Hello! My name is Atin Batra (that’s me on the right). I’m a Hong Kong-based venture capitalist by day, and an amateur ultra-trail runner on the weekends (or early weekday mornings, when I train). is my family’s effort to organise an annual fundraiser to help the less fortunate, in memory of my father’s elder brother Amul Batra (Cheekoo to his family and friends). As my personal contribution, I will be dedicating all of my ultra-trail races in perpetuity towards spreading word of and fundraising for the cause.

Read the full story behind this endeavour.


I’d never run in my life, not competitively, not for fun. “I’m going for a run” was a phrase uttered maybe, if at all, once a year. However, I did/do consider myself a sporty kind. Played all kinds of sports in school/college including lawn tennis, table tennis, volleyball, cricket and, my favorite, badminton. I’ve also always loved hiking.

On 1 January 2016, I set myself a New Year’s Resolution: to run a half marathon. But I didn’t want to do just any half marathon and since road running would be boring, I wanted to do one on the trails. A couple of days later, I signed up for my first trail run – the Hysan Island Hike & Run on 20th March 2016. Did not train for it. Got up on the morning to an inner voice that said “don’t be a fool, you’ll hurt yourself”. Somehow I quelled the doubts and went for it, finishing 21km in 5hrs and 31mins.

The rest, as they say, is history. I’ve been upping the stakes ever since, attempting to run longer distances. The first year was like a pileup on the highway – one DNF (Did Not Finish) after another. Since, I’ve finished the Hong Kong 100, the TransLantau 100, the Lantau 70, the Moontrekker 43 and many more races; which means I can legitimately call myself an ultra-trail runner.


Not what, it’s a who. Amul Batra, or Cheekoo as everyone called him, was my father’s elder brother. Someone I loved more than anyone else in this world. I called him ‘Tau’, which is Hindi for ‘father’s elder brother’. Tau was a patient of cerebral palsy, which means he had almost no control over his body – couldn’t speak, could not move. Confined to a wheelchair, he had to be helped with the most mundane of daily tasks, that you and I take for granted.

BUT, I can bet my life that you would never meet anyone happier than him! Forever smiling☺️, he could put joy into your soul as if it was pouring water into a glass. He was very smart, and the mischievous twinkle in his eye was always at odds with the innocent smile on his lips. Loved watching 2 kinds of movies: the western English-language action flicks and Bollywood Hindi movies, especially the soppy family dance-and-dramas (which I must admit is an affliction my entire clan suffers from😏). If there was a cricket match on TV, you could hear him screaming at the players urging them to run faster, hit harder, play better.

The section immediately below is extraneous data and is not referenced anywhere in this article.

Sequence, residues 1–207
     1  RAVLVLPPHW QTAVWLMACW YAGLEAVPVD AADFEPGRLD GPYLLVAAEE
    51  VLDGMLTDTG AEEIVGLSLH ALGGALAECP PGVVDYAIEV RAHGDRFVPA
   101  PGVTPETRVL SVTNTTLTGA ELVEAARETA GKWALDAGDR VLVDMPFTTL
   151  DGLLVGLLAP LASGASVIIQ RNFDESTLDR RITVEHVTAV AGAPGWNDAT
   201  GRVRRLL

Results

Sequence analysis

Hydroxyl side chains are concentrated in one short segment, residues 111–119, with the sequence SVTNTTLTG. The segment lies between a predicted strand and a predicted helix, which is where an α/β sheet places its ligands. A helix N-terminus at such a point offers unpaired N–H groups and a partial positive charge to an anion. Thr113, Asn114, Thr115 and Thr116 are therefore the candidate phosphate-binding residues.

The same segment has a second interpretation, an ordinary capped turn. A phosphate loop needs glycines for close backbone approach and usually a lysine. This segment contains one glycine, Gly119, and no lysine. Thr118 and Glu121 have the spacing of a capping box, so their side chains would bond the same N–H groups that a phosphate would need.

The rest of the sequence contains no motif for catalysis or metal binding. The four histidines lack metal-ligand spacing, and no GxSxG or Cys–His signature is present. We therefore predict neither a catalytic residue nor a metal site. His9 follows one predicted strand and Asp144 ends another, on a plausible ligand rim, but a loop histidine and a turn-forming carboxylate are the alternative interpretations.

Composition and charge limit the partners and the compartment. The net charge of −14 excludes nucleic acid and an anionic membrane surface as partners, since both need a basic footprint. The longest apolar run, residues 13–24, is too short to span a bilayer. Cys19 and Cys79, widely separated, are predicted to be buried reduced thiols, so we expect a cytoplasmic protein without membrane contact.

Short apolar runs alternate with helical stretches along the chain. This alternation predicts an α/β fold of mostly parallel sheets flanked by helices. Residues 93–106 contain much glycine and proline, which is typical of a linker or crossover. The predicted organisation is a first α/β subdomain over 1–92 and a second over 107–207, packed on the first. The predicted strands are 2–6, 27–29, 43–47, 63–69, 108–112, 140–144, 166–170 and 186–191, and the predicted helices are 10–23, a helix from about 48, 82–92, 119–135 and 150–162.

He passed away at the age of 53 on 3 August 2015.


In 2018, as I got more serious about my physical training, a question kept nagging at me. Especially in those times when it hurt and I felt like quitting: why do I run? Honestly, it began with me just challenging myself physically. But now it feels like I’m running to see places – to show them to Tau. I’ve always felt like he’s watching over me, seeing the world through my eyes. And that thought empowers me. I attack each climb so I can get to the top and admire the view.

Since the initiative began, we’ve donated 21 wheelchairs through the amazing organization that is Wheels for Life. They’ve changed people’s lives – helped them be mobile again, attend school/college, set up their own business and much more. The good fight continues!

On 11 July 2020 at 9pm HKT, I am running the Quarantine Backyard Ultra – a race where 1,200 runners from across the world will run loops of 6.706km every hour, until only 1 runner is left and declared the winner. Of course, I’m not expecting to win but my target is to run at least 12hours (~80km).

I’d like some motivation (so important!), so I’m raising donations for 12 wheelchairs, 1 per loop. It will be awesome if we can raise more than that – and I will try my damndest to keep running loops equal to the donations we raise. Use the Donate button above to make your contribution to the cause.

We appreciate you taking out time to read about our organisation. If you have any feedback, suggestions or ideas you’d like to share, please get in touch at!

Atin Batra